If you suddenly inherited $1 million, with the only stipulation being that it had to be invested in the stock market, would you invest it all by nightfall or invest some now and the rest over time? Would your answer be different if the windfall were only $1,000 instead of $1 million?
Simple logic, probability, and empirical evidence all dictate that the better choice is always to invest the entire amount immediately, as we will explain.
Many people answer the second question differently because of the amounts involved. This is, of course, logically inconsistent, and we will explain the behavioral psychology underlying such erroneous thinking.
Logical proof: Immediate investment enjoys upward trend for longer time
From 1926 to 2019, the S&P 500 index had a total positive return in 69 out of 94 years, or 73% of the time. The average annual total return has been about 10%.
The expected return on an asset class represents the sum of the current risk-free rate (i.e., inflation plus the 30-day Treasury bill rate) and one or more historical risk premiums as compensation for each element of risk. Historically, and based on an average risk-free rate of about 3.5% (consisting of 3% inflation plus a 0.5% premium for cash), the risk premium for large-cap equities has been about 6.5%.
To withhold money from immediate investment in equities is to implicitly assume that there is no premium return available from the asset class over the long term. This is wrong. One may debate the amount of premium available at any particular moment given the valuation of equities, but a premium must always exist to induce investors to own risky assets such as stocks and bonds. Therefore, as long as one assumes equities will continue to provide a positive risk premium above cash, investing immediately must provide better portfolio returns on average than holding cash.
Empirical proof: Stock market returns after all-time highs and 10% declines
The charts below show the average annualized compound returns of the S&P 500 from 1926 to 2019 compared to 1-month Treasury bills in two different scenarios.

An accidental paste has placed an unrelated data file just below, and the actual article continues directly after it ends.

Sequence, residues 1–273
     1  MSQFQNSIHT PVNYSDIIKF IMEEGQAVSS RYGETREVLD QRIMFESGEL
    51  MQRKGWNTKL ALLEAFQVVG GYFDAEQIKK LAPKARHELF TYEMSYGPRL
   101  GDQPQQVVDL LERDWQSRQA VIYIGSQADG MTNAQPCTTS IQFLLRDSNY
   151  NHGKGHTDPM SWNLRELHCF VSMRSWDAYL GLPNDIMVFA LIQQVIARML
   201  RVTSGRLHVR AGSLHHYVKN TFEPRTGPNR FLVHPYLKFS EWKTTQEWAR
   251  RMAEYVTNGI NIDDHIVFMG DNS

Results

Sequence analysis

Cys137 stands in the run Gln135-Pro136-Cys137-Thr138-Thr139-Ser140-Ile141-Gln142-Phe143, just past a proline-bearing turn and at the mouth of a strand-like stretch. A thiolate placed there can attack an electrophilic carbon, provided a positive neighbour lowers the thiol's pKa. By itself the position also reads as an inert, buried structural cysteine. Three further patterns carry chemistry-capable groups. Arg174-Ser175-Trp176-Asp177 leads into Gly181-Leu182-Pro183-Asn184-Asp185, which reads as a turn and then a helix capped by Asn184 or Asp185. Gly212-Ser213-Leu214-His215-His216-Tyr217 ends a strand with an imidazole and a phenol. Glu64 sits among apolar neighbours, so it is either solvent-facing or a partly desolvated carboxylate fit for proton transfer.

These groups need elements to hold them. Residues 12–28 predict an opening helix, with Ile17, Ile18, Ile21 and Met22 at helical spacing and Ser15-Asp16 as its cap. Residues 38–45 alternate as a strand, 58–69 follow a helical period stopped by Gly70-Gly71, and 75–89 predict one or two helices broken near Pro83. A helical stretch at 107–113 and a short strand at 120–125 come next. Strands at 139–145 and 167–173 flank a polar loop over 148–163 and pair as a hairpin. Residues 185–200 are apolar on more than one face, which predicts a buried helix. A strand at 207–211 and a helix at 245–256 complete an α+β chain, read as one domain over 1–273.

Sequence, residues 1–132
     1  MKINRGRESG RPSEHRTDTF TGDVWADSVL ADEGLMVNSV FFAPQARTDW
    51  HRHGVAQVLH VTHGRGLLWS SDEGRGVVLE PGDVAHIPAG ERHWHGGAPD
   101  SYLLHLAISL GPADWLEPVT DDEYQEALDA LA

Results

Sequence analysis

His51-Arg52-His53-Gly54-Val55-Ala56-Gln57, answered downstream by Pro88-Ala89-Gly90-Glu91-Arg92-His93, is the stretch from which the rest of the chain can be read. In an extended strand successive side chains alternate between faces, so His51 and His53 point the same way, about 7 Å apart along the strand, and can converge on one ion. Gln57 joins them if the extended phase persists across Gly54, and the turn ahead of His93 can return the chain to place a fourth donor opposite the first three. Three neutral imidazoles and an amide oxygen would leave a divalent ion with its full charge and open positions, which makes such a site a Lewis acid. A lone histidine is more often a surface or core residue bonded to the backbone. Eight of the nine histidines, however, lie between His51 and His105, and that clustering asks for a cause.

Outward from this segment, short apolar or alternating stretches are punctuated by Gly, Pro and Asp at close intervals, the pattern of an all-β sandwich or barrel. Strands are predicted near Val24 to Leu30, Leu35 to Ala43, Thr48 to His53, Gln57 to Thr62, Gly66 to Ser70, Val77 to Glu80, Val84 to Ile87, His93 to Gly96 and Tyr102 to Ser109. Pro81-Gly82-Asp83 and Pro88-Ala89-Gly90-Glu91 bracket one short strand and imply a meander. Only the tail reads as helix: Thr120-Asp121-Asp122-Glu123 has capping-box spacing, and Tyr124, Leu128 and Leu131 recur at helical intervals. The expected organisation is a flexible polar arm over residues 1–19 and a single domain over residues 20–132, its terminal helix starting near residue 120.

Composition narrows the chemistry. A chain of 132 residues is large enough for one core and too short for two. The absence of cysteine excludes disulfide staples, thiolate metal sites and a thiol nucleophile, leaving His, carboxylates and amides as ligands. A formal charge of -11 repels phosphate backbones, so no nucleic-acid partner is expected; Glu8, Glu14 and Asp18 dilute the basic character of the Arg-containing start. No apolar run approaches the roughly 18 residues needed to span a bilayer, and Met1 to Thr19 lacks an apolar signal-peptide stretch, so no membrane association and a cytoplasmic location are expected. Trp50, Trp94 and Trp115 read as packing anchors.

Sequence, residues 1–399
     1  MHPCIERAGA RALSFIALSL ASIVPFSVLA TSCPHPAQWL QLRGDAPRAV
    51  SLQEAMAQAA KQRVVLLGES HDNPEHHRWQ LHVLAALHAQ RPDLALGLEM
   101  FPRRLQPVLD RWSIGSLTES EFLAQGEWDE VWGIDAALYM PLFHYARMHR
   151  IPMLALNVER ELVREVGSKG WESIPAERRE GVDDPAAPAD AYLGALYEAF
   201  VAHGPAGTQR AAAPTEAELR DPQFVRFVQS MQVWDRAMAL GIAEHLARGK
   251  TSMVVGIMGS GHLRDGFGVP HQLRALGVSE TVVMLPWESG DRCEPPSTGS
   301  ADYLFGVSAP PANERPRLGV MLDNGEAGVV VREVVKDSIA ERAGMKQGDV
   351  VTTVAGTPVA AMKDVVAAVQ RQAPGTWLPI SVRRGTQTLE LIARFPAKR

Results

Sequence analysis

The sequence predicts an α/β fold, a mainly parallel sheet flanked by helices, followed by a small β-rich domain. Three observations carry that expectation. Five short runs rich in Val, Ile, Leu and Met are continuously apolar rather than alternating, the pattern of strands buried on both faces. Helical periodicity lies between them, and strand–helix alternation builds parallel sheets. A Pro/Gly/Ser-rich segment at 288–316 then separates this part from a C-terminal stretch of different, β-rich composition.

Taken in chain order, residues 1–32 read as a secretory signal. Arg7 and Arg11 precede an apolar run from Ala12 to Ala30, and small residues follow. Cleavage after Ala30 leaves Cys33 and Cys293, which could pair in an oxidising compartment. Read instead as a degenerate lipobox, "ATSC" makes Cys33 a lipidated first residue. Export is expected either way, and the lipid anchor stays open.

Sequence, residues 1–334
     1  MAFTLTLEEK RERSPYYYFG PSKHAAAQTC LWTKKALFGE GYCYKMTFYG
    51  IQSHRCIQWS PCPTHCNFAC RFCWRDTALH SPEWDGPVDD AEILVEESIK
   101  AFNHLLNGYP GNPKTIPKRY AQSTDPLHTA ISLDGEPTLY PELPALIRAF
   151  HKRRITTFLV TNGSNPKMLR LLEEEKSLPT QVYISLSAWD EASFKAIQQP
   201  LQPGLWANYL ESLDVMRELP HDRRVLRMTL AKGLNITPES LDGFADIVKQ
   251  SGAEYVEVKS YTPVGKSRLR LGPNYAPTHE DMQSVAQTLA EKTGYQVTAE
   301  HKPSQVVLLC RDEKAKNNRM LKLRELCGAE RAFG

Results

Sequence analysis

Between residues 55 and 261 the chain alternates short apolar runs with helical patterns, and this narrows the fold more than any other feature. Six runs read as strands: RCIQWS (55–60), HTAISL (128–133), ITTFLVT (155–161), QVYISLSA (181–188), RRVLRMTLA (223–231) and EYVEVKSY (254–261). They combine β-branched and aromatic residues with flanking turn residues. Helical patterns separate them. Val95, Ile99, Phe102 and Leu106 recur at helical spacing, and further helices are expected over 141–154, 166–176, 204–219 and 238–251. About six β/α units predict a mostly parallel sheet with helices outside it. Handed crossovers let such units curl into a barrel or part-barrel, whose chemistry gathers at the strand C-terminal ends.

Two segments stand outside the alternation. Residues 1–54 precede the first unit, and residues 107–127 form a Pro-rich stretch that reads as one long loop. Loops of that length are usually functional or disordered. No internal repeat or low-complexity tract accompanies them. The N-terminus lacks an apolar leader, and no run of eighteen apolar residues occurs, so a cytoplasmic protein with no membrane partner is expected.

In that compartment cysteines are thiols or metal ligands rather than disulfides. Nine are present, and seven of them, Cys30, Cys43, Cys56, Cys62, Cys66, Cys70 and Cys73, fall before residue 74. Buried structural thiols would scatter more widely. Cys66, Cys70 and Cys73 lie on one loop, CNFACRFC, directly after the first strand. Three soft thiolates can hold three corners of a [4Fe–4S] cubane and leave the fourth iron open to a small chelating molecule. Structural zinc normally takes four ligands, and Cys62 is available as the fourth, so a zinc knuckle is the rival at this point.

The chart on the left measures the returns over different time periods after the index had hit all-time highs. For each time period, the returns are positive and in line with historic equity returns. After the market hit a new all-time high, on average, it returned 2.8x more than the alternative of being in cash.
The chart on the right shows returns after a decline of more than 10%. The S&P 500 returns over the different time periods once again all clock in at about the historic average of 10%. However, because the average subsequent Treasury returns are about 2%, the average equity-to-cash return differential is a whopping 5.3x.
Conclusion: The data do not support the notion that recent market performance should influence the timing of stock investments.
Why market timing doesn’t pay
Based on annual returns, the equity market is up far more often than it is down—about 75% of the time. This means the chance the market will rise in any given year after you invest is 3 to 1 in your favor. Conversely, the chance that it will fall in the ensuing year is only 1 in 4. So the longer you wait to invest in equities, the more likely you are to miss out on opportunities for your money to enjoy the associated premium return.
Countless studies quantify the powerful concept that investor returns from equities are ultimately determined by the amount of time in the market, demonstrating that trying to time the market is a fool’s errand.
Regret and loss aversion
Psychological research and behavioral evidence have demonstrated that humans are “loss-averse.” That is, we typically regret losses at least twice as much as we appreciate similar-sized gains.
Because the chance of experiencing negative returns is higher in the short term, the more frequently investors evaluate their portfolios, the more likely they are to see losses and develop loss aversion. By the same token, the less frequently they evaluate their portfolios, the more likely they are to see gains.
Minimizing potential for regret
Although research and history clearly show that immediate lump-sum investments consistently outperform a dollar-cost averaging approach over time, many people choose some variation of the second option, and the long odds against it, because they fear the potential downside of a sudden drop in portfolio value associated with an immediate investment. From that perspective, the primary benefit of spreading out the investment is to minimize regret.
Unfortunately, when fear wins out over logic—as it often does—people attempt to reduce the chances of regretting their decisions by investing windfalls slowly over time. Ironically, if these same people were to subsequently compare the results of investing right away versus spreading out their investment, they’d surely regret the money they didn’t make by delaying.
So no matter what happens in the markets, the economy, politics or the world, remember that in the long term, you’ll be better off investing that lump sum by nightfall, whether it’s $1,000 or $1 million.
Although loss aversion is part of our psychological wiring as human beings, the frequency of evaluations is a choice that investors (and their investment advisers) can control. And since most investors are accumulating assets in preparation for a multidecade retirement—or longer, in the case of planned transgenerational wealth transfers—it makes sense to adopt evaluation periods corresponding with these time horizons. When you have a lump sum to invest, act by nightfall and put it to work immediately. Then, once it’s invested, think in decades, not days.
 In particular, see “Invest Now or Temporarily Hold Your Cash,” (Vanguard, 2016).